An appellate court in Jackson, Tennessee reversed a 2017 jury verdict against Navistar Inc. that held the commercial truck and engine manufacturer liable for $31 million in actual and punitive damages. The underlying trial involved a commercial dispute regarding the reliability of trucks purchased by the plaintiff, Milan Supply Chain Solutions and manufactured by Navistar. Milan argued at trial that Navistar had committed fraud and violated Tennessee’s consumer protection laws when selling 234 Class 8 trucks, claiming that the manufacturer knew the engines on the trucks were defective when they were sold. In the appellate decision filed August 14th, the Tennessee Court of Appeals in Jackson ruled that the trial court erred at least twice, in that the economic loss doctrine barred fraud claims, and the consumer protection act does not cover commercial vehicles. Further, the panel affirmed the trial court’s award of attorney’s fees in favor of co-defendant and dealer Volunteer International, Inc., whom Milan sued without grounds.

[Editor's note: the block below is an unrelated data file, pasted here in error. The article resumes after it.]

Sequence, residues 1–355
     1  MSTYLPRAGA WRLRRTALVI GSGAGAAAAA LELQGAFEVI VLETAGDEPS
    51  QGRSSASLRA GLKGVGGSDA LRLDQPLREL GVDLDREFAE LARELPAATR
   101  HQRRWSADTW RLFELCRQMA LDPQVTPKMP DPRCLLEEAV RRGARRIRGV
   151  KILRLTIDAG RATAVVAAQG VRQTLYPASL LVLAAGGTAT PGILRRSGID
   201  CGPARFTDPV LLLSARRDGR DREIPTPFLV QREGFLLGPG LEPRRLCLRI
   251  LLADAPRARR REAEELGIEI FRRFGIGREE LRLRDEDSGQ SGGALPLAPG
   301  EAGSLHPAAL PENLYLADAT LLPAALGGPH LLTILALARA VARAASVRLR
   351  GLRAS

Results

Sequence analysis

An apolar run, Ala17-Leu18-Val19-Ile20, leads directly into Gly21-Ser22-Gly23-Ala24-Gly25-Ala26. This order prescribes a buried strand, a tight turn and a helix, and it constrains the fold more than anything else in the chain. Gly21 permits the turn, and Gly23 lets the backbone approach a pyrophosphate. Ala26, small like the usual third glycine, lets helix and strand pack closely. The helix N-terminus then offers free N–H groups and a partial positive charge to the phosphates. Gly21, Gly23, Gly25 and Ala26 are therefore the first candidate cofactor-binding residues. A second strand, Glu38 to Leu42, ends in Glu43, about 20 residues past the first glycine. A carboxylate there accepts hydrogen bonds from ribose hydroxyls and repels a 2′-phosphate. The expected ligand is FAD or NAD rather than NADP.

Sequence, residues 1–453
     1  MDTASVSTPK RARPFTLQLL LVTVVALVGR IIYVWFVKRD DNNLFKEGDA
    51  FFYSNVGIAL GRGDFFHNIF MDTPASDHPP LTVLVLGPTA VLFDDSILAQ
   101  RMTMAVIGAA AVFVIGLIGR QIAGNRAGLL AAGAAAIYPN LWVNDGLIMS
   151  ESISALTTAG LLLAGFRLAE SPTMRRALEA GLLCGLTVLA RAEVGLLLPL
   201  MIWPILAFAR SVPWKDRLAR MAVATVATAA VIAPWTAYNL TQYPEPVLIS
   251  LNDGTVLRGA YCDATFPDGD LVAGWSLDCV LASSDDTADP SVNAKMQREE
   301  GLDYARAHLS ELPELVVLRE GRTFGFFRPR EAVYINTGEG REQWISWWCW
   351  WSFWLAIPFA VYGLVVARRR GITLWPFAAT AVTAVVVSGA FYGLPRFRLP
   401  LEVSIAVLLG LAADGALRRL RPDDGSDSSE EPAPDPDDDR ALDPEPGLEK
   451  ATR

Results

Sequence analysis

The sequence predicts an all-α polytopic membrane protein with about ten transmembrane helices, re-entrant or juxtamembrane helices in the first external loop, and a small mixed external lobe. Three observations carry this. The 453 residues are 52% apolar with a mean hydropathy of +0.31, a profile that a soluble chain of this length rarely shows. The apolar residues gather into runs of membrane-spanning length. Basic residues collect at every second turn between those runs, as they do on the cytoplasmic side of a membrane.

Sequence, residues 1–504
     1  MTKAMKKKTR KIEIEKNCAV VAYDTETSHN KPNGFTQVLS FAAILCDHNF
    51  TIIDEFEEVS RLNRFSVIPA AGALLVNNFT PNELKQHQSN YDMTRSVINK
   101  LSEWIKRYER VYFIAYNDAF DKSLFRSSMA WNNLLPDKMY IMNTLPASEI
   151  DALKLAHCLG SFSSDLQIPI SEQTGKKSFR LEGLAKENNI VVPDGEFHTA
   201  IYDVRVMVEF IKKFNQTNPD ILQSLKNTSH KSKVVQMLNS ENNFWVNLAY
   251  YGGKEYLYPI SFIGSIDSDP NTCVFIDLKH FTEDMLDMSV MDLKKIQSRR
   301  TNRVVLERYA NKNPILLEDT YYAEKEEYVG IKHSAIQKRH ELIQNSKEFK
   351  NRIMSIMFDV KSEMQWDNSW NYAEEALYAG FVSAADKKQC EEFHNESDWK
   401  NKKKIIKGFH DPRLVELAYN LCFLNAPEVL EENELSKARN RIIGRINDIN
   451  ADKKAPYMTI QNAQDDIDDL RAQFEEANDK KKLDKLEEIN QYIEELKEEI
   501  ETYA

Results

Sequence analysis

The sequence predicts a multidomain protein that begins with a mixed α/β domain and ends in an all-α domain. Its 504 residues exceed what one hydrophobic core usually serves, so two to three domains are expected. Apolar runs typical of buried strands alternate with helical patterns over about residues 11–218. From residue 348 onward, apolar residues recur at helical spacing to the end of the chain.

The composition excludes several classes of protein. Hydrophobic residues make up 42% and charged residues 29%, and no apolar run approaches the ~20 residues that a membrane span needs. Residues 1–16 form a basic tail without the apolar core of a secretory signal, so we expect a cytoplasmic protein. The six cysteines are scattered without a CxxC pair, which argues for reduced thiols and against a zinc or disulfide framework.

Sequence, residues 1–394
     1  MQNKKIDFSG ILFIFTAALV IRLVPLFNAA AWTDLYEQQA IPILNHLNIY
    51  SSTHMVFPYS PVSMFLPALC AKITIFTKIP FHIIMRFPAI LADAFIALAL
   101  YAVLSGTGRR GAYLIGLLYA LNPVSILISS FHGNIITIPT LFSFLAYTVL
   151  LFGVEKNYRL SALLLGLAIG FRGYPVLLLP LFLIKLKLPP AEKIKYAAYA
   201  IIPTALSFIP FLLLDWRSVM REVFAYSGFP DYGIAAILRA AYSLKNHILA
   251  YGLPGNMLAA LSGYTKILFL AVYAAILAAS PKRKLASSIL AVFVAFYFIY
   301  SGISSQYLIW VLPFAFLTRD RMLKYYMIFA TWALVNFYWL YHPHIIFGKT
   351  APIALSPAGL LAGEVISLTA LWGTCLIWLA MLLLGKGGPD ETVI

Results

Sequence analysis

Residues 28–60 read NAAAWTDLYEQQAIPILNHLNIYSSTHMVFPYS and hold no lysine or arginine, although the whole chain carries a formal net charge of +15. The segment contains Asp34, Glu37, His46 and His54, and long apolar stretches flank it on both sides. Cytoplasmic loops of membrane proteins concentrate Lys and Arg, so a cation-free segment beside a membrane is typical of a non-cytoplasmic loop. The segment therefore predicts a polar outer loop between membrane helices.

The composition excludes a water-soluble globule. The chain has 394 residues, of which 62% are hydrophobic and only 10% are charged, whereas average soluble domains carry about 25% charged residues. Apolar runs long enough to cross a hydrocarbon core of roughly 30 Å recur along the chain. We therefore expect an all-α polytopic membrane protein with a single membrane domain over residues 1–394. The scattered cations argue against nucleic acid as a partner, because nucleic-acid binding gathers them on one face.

Lead trial lawyer, Jeff Patterson, said, “We are relieved and grateful that the Court of Appeals corrected this irrational verdict. In at least seven venues around the country, trial courts and a jury have ruled for Navistar just as this appellate panel did. It’s a shame to have wasted so much in public and private resources on this case.”
In addition to the Hartline Barger team of Jeff Patterson, Clayton Callen and Tyler Stuart, Navistar was represented by Roman Martinez and Kevin Jakopchek of Latham & Watkins LLP, and Eugene N. Bulso Jr. and Paul J. Krog of Leader Bulso & Nolan PLC.
Law 360’s coverage of the decision can be found here (paywall)